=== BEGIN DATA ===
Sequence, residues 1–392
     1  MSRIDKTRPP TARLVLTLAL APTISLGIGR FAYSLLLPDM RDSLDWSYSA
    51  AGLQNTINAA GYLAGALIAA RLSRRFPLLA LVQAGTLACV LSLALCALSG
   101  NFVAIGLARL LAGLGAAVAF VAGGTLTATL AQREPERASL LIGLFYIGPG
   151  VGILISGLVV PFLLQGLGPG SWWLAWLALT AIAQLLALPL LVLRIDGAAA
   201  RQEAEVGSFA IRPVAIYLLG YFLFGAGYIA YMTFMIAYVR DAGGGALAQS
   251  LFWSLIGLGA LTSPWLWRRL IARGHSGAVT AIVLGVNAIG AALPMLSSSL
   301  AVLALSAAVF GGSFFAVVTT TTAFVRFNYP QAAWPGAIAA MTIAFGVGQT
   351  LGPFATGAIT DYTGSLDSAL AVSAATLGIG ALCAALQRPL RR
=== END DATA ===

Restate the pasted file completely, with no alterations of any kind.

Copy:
Sequence, residues 1–392
     1  MSRIDKTRPP TARLVLTLAL APTISLGIGR FAYSLLLPDM RDSLDWSYSA
    51  AGLQNTINAA GYLAGALIAA RLSRRFPLLA LVQAGTLACV LSLALCALSG
   101  NFVAIGLARL LAGLGAAVAF VAGGTLTATL AQREPERASL LIGLFYIGPG
   151  VGILISGLVV PFLLQGLGPG SWWLAWLALT AIAQLLALPL LVLRIDGAAA
   201  RQEAEVGSFA IRPVAIYLLG YFLFGAGYIA YMTFMIAYVR DAGGGALAQS
   251  LFWSLIGLGA LTSPWLWRRL IARGHSGAVT AIVLGVNAIG AALPMLSSSL
   301  AVLALSAAVF GGSFFAVVTT TTAFVRFNYP QAAWPGAIAA MTIAFGVGQT
   351  LGPFATGAIT DYTGSLDSAL AVSAATLGIG ALCAALQRPL RR